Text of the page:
More than 100 people have been killed in Nigeria’s troubled northern region, survivors told The Associated Press, as authorities continue to search for bodies and for suspects of the three-day violence.
Bandits arrived in large numbers in the Anka and Bukkuyum local government areas of Zamfara state on Tuesday evening, shooting guns and burning down houses until Thursday, according to Abubakar Ahmed, a resident in Bukkuyum.
“They killed more than 100 people,” Ahmed said, adding that as many as nine communities were affected.
Resident Aliyu Anka, in Anka, also confirmed that the casualty figure was more than 100. In one village, “they killed people from 20 years and above,” he said. “Some have been buried, some were burned and we are still looking for bodies.”
No group has claimed responsibility for the attack but blame quickly fell on the armed groups that have carried out thousands of abductions and killings in the northwest and central states of the West African nation.
Ibrahim Dosara, Zamfara commissioner for information, told AP they were awaiting more information about the incident, including the number of casualties. As of now, a military aircraft has been deployed along with security forces as a manhunt for the attackers continues, he said.
Africa’s most populous country has been struggling to contain pockets of such violent attacks, especially in the troubled northern region, but the latest incident is one of the deadliest in recent years.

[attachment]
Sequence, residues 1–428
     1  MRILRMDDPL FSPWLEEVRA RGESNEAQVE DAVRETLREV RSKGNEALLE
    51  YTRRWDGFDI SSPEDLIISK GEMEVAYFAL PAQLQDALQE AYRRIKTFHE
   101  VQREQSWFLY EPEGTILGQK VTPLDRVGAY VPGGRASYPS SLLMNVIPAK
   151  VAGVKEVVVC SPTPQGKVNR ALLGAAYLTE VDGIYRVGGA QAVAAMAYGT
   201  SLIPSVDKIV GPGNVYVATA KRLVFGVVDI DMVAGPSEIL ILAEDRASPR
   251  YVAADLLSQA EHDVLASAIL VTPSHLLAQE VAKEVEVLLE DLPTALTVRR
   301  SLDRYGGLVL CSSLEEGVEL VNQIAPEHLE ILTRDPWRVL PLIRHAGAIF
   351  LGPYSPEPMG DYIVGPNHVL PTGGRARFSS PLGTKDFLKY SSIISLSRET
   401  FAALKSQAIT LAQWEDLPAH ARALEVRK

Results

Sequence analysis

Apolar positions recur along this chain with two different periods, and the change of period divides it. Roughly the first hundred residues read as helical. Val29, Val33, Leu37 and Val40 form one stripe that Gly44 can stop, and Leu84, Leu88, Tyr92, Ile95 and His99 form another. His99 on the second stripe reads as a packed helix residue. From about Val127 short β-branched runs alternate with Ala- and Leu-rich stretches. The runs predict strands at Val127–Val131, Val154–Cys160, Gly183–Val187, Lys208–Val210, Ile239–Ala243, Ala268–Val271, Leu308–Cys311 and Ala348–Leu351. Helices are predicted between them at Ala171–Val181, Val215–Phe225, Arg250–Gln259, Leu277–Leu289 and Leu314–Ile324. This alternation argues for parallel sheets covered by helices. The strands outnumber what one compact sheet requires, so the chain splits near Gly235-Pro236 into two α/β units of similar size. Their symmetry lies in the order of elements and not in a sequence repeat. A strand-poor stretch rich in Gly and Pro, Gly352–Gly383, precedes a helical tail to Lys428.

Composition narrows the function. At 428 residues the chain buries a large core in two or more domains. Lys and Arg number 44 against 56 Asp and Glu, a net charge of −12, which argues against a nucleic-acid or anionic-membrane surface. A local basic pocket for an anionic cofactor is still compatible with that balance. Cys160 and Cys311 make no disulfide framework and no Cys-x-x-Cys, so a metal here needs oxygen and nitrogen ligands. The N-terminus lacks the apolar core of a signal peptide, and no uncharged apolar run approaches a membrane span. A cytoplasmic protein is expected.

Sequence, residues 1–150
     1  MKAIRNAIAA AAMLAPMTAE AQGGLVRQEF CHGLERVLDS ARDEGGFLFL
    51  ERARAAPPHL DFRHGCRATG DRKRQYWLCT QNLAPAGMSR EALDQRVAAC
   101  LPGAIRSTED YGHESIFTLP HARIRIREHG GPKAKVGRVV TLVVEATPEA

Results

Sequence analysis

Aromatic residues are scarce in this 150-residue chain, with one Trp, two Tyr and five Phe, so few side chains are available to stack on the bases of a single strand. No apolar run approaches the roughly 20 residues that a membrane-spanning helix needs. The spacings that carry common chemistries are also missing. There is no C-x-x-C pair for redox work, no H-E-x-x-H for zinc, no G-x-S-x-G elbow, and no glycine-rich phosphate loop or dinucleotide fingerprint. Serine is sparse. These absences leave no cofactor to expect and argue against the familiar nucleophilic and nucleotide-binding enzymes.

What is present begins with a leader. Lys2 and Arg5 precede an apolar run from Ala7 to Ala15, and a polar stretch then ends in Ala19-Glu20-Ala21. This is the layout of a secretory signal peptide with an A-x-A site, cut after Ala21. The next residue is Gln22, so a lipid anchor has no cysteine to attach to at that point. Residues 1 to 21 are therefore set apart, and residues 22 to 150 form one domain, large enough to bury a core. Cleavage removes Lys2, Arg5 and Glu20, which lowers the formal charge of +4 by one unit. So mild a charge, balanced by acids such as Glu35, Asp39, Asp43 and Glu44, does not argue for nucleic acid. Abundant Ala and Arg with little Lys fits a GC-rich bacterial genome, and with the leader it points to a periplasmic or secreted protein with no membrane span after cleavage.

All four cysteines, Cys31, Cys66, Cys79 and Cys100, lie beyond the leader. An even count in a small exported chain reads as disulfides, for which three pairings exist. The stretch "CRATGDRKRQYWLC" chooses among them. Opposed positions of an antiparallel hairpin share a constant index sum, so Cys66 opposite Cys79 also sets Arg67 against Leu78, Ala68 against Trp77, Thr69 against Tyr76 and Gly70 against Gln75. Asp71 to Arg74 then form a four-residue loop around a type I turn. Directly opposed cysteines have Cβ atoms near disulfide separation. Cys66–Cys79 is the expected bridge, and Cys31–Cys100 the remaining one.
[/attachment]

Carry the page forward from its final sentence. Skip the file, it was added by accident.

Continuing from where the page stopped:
Banditry plus insurgency
It came as authorities in Nigeria said they were noting successes in the fight against the armed groups. The widespread banditry in Nigeria’s northwest comes in addition to the Islamic extremist insurgency in the northeast that has lasted more than a decade.
Some of the bandits, whom Nigerian authorities have designated as terrorists, are now joining forces with the extremist rebels, security analysts and residents say.
The groups mostly consist of young men from the Fulani ethnic group, who had traditionally worked as nomadic cattle herders and are caught up in a decadeslong conflict with Hausa farming communities over access to water and grazing land.
The problem continues to be that the Nigerian security personnel are outnumbered and outgunned by the assailants, according to Oluwole Ojewale of the Africa-focused Institute of Security Studies.
“We don’t have adequate security in Zamfara state but [in] some areas, we don’t have security at all,” said Yusuf Ibrahim in Gusau, the state capital.
Commissioner Dosara, however, blames informants for the persistent attacks.
“One of the serious problems is that we have a lot of informants getting information to these people [the gunmen],” he said, a challenge that experts have said continues because of the extreme poverty in many affected communities.